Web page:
you know that glaze packet that comes with the ham that everybody cooks for easter dinner?

… that is some sticky shit.

And why is it that I can never remember that it’s potatoes first and THEN ham? If I start the scalloped potatoes in the oven first, cook for 45 minutes, then cook the pre-cooked (how stupid is that, I mean really folks) ham for its first session, then BOTH the ham AND the potatoes go in for the last 30, and ta-da, hot stuff done at the same time before 7:30 pm and kids don’t nod off at the table and get ham sauce in their hair. Easy, right? Then why, dear lord, oh why is it that I have only been able to pull off this seemingly simple task of kitchen wizardry only once in 6 years of family holiday cooking? And I make this freakin’ meal roughly TWICE EVERY FLIPPIN’ YEAR!!! Next year, screw the ham, it’s turkey for Easter or jello and water, and that’s final.


During the marathon cooking session of 4 ½ hours (which would have been 2 ½ had I not been the idiot who put the ham in before the potatoes), I made a startling discovery: The Easter Bunny has moved into our backyard along with his entire extended family. We have been invaded. Our once beautiful, albeit tiny, bit of lawn flanking our tiny, albeit… nope, just tiny, house has become a complete wreck of miniature hills and valleys littered with rabbit poo and dead grass, leaf mould and more rabbit poo. It is ankle breaking and heart wrenching to walk on the grass that used to make me so proud. Proud of all the hard work that The Husband and I had put into our little yard, all the money we have forked out to the fine people at ChemLawn to make our lawn the best looking on the block, and apparently the most rabbit friendly, for I have seen no other neighbors walking their lawns swearing above their breath and vowing revenge upon the rabbit population. But I could be wrong.

Add the rabbit infestation to all of the other little things that have started to creep up wrong with our little house over the last few months, and I’m starting to feel betrayed. I’m not sure by whom yet, but betrayed nonetheless. Granted, the house is 110 years old and the entire town was built on swampland (“Hey Bob – this looks like a great place to settle, nice and close to water!” And people wonder why non-Dakota people think Dakota people are stupid. Yeah.), but it’s kind of like all the “fixes” that were done on the house in order to sell it are now wearing off, because they were not done well. Oh, fine. They did a shit job on most everything, and there are some downright weird things that make no sense whatsoever. Shit workmanship? The windows have daylight gaps between the frames and the interior walls, they have never sealed properly on the outside, which has created a moisture issue on the inside during the winter, which has led to a mold problem on the cheap wooden frames because they were never properly water sealed. And I have a sneaking suspicion that there has always been a bit of a mold issue in this house, since there are little patches cropping up from cracks that are breaking through walls that were patched. Hoodwinked, I say. Less than full disclosure. 6 years after the fact, I feel like I got suckered into an eventual money pit, and in order to sell the damn thing we’re going to have to start throwing money at it like it’s an AIG.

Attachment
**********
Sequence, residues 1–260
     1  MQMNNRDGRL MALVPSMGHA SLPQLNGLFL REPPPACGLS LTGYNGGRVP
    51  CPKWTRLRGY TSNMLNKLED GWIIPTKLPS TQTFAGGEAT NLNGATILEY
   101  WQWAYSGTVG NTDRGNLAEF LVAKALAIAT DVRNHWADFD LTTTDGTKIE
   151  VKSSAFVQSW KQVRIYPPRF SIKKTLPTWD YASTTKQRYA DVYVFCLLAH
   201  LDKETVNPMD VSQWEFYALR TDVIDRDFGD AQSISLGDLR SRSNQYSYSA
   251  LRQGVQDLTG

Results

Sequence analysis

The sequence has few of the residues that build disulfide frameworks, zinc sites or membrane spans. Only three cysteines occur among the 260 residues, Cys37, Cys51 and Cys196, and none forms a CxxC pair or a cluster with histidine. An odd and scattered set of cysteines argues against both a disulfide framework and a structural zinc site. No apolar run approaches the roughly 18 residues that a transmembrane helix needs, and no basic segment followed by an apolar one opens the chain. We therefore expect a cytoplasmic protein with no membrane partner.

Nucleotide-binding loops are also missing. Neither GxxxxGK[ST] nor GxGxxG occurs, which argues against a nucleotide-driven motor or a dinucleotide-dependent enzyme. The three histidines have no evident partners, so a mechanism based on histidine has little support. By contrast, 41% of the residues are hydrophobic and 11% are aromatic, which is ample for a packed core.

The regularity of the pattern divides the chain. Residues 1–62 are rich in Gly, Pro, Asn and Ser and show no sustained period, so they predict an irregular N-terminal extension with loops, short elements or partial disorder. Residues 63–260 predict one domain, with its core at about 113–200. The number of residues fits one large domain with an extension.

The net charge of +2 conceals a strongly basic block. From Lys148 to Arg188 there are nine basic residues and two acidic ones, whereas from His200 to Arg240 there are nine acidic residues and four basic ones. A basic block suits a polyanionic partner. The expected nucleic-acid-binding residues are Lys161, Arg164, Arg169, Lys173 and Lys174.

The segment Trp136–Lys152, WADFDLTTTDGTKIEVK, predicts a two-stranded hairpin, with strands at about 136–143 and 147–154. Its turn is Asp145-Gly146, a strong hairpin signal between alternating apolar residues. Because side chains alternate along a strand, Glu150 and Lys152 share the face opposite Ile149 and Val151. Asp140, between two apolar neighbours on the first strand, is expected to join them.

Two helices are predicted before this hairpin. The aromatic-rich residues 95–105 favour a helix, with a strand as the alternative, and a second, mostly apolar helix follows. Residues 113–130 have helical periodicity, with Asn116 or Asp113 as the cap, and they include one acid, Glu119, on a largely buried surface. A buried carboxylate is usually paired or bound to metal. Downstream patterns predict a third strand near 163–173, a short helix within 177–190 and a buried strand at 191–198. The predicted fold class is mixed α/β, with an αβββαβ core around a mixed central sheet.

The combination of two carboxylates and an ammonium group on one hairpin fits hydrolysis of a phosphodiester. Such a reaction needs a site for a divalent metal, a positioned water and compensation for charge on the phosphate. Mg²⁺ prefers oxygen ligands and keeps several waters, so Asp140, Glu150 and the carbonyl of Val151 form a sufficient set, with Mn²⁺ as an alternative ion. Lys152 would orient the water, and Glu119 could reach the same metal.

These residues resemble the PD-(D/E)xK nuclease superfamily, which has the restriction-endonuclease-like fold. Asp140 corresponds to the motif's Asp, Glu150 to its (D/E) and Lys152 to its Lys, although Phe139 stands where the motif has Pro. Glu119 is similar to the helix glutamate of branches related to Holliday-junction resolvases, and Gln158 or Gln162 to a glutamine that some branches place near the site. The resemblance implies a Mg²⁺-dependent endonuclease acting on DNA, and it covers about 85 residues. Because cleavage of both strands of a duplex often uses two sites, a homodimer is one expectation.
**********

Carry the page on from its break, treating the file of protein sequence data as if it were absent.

On the other hand, I am grateful that I still have a roof over my head, even if there are some cracks starting to show.

oh — and p.s. (because there’s just no good way to work that into the story, you know?)



  1. This is why some people spend ridiculous amounts of money for 2 ovens that they will only use two to three times a year (I must admit, it has occurred to me to join them approximately two to three times a year). And why other people make their potatoes from a box (this would be me here) that gives instructions on how to cook them together. I realize that you would never stoop to this level, just merely a comment since I only just noticed you are still blogging after all, and my RSS feed is just not liking my internet connection. Well, neither do I really.
    Sorry about the house issues. It does sort of suck when your home has rebelled against you. It’s sort of like a parent failing you. Something you count on to keep you safe and secure has shown itself to be unreliable, and started taking instead of giving. Just a part of life.

    Hope you got that sticky glaze out of the children’s hair. Happy Easter.

  2. if my house had no issues, i’d have no plausible excuse for buying all the power tools i have in my garage. not to mention, the language around the house would be a lot less colorful, and The Girl would have no idea that girls are perfectly capable of fixing and building anything and everything that boys are. in our house, the girls, in fact, do it better.

    at least use that second oven for storage, woman. just not tupperware.

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